Without getting really boring about this because it's already an obnoxious digression
Unnecessary further digression in 3...2...
I also find historic fortifications fascinating, but for different reasons. One of the reasons is that I just love staring at old city maps:
I used to live in this city. Actually, I can point to the specific patch of grass on that map from 1649 where someone built a residence in the 1700s (which burned down and was rebuilt in the 1890s) that I called home. About a year ago the Dutch land registration agency created a site that's "Google Maps but with time travel"; you can pick any place in the Netherlands and browse through 200 years of maps with the slider. Here's the same city as above . What I love to do is to navigate to a place I know and to find out how it developed over the decades. How do those fortifications of yore shape the cities of today?
As you mention, at a certain point the fortifications were no longer necessary. This meant that cities could finally expand in all directions without requiring expensive new fortifications to be made. For a lot of cities, it meant that housing was built right on top of old fortification structures, completely erasing that history. Berlin and Paris, for example, had a large number of bastions but you'd be hard-pressed to find traces of that today.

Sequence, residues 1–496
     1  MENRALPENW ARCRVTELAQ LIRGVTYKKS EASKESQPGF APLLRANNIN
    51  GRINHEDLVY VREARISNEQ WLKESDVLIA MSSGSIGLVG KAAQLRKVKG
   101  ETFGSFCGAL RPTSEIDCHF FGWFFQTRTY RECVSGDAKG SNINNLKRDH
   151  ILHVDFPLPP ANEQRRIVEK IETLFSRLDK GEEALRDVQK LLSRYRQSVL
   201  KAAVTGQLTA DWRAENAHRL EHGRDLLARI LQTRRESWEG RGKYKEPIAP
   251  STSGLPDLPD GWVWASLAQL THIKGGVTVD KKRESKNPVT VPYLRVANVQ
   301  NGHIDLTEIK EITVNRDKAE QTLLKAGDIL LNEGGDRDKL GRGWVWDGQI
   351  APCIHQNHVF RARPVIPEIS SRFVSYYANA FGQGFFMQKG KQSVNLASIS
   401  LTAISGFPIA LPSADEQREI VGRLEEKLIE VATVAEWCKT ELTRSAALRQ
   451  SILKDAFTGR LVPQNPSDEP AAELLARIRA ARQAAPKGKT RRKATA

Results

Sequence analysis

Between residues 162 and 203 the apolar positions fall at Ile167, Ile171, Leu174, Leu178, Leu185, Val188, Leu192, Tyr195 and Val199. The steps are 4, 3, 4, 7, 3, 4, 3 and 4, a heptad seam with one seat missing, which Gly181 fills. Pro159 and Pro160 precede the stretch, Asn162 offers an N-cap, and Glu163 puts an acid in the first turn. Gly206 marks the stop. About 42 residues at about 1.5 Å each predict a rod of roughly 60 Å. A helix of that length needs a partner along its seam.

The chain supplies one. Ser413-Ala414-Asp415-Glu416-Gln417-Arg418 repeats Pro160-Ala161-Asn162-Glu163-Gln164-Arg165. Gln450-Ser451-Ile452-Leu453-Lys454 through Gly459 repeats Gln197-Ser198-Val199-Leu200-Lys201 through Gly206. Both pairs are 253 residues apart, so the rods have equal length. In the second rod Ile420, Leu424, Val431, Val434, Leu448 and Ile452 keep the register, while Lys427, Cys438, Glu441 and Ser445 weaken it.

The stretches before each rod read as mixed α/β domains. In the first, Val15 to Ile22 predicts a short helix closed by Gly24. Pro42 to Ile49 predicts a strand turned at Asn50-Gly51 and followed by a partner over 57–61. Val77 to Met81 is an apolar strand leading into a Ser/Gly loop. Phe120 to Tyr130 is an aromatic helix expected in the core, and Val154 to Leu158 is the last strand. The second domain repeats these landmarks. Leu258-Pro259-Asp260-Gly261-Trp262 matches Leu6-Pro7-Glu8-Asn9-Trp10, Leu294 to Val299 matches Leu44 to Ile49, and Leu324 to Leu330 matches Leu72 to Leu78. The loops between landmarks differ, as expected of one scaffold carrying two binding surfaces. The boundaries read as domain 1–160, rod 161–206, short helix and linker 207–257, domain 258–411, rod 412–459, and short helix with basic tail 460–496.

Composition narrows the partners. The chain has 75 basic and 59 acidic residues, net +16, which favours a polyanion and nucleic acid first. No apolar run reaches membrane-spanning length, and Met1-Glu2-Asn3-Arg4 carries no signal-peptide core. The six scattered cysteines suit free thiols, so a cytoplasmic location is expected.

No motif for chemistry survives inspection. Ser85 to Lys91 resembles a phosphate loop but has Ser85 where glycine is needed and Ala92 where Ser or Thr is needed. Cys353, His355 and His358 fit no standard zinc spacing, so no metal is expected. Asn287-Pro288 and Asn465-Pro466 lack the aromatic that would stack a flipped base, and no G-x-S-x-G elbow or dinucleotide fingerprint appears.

Interestingly, Dutch cities have often preserved some of that old fortification structure. Instead of filling up the old moats with sand and building more housing, many cities (Amsterdam is a good example) still have their canals and original moats. This is largely because the law that legislated good fortification got abolished in 1874 coincided with the advent of city planning. The completely market-driven approach to urban growth was replaced with the first real city-wide plans. So lots of fortifications were redesigned as parks, mostly for the elite:
...or as places for those elites to build mansions. Notice the bastion-shape? Those houses are still the most expensive ones in the city.
Another thing that coincided was the advent of rail transportation. The first railway lines went to the edge of the fort and not much further. Some stations were designed but nothing particularly extravagant. The de-fortification of 1874 however, allowed the new city planners to build a much larger train station much closer to the city center. Which is why a bunch of cities like Amsterdam, Haarlem and Leiden have a train station that is built on top of or just within the old fortifications.
And if your elites are particularly rich, well, why not splurge on an awesome new train station?